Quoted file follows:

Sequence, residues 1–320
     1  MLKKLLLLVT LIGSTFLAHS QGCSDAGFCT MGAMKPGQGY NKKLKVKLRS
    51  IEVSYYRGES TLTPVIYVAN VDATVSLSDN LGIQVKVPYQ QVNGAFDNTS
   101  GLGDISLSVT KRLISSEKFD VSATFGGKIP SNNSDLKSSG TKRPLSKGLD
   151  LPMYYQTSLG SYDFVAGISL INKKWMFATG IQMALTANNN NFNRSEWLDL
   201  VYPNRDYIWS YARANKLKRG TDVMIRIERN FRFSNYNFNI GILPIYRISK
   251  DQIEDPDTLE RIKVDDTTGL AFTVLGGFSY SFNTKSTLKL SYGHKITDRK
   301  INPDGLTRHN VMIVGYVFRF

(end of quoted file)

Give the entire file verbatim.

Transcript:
Sequence, residues 1–320
     1  MLKKLLLLVT LIGSTFLAHS QGCSDAGFCT MGAMKPGQGY NKKLKVKLRS
    51  IEVSYYRGES TLTPVIYVAN VDATVSLSDN LGIQVKVPYQ QVNGAFDNTS
   101  GLGDISLSVT KRLISSEKFD VSATFGGKIP SNNSDLKSSG TKRPLSKGLD
   151  LPMYYQTSLG SYDFVAGISL INKKWMFATG IQMALTANNN NFNRSEWLDL
   201  VYPNRDYIWS YARANKLKRG TDVMIRIERN FRFSNYNFNI GILPIYRISK
   251  DQIEDPDTLE RIKVDDTTGL AFTVLGGFSY SFNTKSTLKL SYGHKITDRK
   301  INPDGLTRHN VMIVGYVFRF